What is more important – ambition or talent?
I think you need a healthy dose of both – ambition without ability is like trying to swim without water.
If you can hitch your ambition to some ability – whether that’s, maths or football or driving – one will compensate for the other at points along your career and your life.
Where in the world are you happiest?
Outdoors with the wind blowing, whether that is on land or at sea. I cycle, I do a bit of sailing, I’ve done some windsurfing and I just love feeling that wind blowing through me wherever I am in the world.
What would you like to own that you currently do not?
That is a tough one to answer. To me material things are not the be all and end all and I think that ownership is a transient thing – you think own something, but in time you either pass that thing on or it passes you by in some other way.
Ultimately long-lasting memories are much more important than amassing material things.
What drives you?
I love what I do, I love the people I get to meet, and I love the challenge of solving the things that need to be dealt with every day.
Some of those things are enjoyable and some are not, but whether it’s making enjoyable or difficult decisions it’s all contributing to succeeding in what you want to achieve.
What would you like to be remembered for?
I would like to be remembered as a decent person. Someone who gave as much as possible and had a positive impact on people’s lives.
It is important to me to be successful with people – I don’t want to be remembered as having had great achievements alone.
Brining your community with you and celebrating that achievement with them – family, colleagues, clients – is important.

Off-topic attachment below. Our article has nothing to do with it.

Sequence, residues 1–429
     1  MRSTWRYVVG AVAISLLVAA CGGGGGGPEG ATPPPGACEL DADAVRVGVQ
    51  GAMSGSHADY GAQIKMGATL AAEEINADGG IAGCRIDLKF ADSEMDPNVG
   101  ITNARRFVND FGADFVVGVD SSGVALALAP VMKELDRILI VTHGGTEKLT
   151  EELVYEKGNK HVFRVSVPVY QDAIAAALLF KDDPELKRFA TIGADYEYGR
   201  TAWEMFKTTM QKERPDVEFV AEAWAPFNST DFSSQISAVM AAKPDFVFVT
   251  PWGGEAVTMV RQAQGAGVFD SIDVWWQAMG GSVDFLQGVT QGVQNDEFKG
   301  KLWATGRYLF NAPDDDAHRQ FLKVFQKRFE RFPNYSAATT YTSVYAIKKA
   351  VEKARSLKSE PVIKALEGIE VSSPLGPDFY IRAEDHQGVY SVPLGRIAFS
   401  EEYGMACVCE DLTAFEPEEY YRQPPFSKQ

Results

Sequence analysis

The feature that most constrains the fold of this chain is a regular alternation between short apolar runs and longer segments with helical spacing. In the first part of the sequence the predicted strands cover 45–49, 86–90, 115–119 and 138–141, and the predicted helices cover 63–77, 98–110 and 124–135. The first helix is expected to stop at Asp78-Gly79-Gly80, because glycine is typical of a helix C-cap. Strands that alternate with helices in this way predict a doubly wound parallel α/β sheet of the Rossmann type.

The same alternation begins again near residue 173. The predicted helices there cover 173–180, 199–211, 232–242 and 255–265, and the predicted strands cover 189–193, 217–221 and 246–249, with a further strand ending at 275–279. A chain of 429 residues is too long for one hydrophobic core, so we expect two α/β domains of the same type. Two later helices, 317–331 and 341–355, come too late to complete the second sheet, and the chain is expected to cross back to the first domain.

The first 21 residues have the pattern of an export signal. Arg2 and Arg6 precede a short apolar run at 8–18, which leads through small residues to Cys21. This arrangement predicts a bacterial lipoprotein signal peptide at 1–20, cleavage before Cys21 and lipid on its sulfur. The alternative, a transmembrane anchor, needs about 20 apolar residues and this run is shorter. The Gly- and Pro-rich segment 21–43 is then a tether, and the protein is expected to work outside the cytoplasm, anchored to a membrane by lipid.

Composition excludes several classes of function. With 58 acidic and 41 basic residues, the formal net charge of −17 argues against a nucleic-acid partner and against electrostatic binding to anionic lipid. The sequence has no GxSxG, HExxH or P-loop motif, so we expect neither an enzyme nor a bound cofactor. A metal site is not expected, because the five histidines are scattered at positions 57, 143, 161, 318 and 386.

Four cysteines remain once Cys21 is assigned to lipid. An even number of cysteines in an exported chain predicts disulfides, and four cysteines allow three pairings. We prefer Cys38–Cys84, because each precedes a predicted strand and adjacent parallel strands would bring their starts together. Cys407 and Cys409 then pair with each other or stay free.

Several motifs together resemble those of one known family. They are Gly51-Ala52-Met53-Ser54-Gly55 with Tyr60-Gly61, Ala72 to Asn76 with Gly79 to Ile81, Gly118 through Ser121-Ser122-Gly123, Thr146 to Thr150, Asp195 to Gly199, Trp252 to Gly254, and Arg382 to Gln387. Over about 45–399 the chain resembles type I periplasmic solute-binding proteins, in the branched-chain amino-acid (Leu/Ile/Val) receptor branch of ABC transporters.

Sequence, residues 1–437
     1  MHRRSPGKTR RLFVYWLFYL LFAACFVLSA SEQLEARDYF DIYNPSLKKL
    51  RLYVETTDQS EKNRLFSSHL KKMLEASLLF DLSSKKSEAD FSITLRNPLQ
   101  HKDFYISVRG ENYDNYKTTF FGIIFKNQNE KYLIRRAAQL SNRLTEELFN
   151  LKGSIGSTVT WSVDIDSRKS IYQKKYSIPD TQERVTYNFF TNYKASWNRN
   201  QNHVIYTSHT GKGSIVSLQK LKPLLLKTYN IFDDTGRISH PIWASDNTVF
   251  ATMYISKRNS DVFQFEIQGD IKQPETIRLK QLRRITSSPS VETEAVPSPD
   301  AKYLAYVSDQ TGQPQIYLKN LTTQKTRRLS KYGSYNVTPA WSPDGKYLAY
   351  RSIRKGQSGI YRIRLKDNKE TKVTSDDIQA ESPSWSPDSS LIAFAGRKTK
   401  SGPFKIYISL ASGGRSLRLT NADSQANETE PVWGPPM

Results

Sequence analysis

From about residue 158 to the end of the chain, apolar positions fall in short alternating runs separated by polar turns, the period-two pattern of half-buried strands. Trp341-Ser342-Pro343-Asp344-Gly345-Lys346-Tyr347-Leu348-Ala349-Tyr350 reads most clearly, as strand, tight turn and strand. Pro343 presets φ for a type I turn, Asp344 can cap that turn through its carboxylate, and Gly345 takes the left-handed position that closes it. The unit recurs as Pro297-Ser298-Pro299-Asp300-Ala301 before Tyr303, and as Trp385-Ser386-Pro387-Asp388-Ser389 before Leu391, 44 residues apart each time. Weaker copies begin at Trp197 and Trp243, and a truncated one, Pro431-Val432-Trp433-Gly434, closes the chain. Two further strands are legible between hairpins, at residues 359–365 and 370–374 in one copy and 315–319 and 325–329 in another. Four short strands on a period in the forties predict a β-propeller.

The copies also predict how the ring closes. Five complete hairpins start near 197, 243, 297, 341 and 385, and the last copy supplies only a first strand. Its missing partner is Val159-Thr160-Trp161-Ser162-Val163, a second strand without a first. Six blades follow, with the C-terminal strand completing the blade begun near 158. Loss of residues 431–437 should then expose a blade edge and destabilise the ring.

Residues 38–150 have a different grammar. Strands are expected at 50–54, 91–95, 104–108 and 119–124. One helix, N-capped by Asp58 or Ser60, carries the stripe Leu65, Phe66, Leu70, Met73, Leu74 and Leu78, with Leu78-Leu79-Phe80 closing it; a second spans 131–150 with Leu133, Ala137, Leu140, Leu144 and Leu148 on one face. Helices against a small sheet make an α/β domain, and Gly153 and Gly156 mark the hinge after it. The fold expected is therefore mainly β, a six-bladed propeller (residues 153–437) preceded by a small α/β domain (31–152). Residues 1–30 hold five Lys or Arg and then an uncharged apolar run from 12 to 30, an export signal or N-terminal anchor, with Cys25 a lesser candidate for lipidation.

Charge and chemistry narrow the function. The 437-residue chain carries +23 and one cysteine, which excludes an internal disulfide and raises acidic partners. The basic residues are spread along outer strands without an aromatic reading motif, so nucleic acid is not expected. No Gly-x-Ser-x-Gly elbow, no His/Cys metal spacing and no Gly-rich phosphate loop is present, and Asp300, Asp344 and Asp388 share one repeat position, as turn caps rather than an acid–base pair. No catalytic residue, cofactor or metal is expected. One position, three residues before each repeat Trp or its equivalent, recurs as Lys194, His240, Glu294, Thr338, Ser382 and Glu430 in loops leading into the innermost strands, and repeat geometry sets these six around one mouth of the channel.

What trait do you find most irritating in people?
Probably arrogance – and perhaps I am guilty of that myself sometimes, but arrogance is something that none of us should practice. The moment that you think you are better than the person you are dealing with, that is the day you are going to drop the ball.
What would 18-year-old Arthur think of who you are now
I think 18-year-old Arthur would be pretty happy with where I am – that I’m on the path that I set out to head down, that I’m still on that path and that I still have a lot left to do, but that I’ve done a lot along the way and that I’ve brought a lot of people with me.
As a young architect I never could have hoped that I would be where I am now, that I would have the people around me that I have around me now, that the work we are doing is this exciting…
I think 18-year-old Arthur would be pretty content with where 19-year-old Arthur is right now!
What are the biggest challenges facing the industry now?
This is worthy of an interview in and of itself. It may be a cliché but Covid and confidence. As an industry we need to remember that this is not a financial crisis, it is a health crisis, but it’s very much in danger of becoming a massive financial crisis.
We all need to work together to push and pull our way through this, not just in this industry, but in society. If that means going to restaurant and paying for a meal so that people who have been out of work for months can be supported, then you should do that.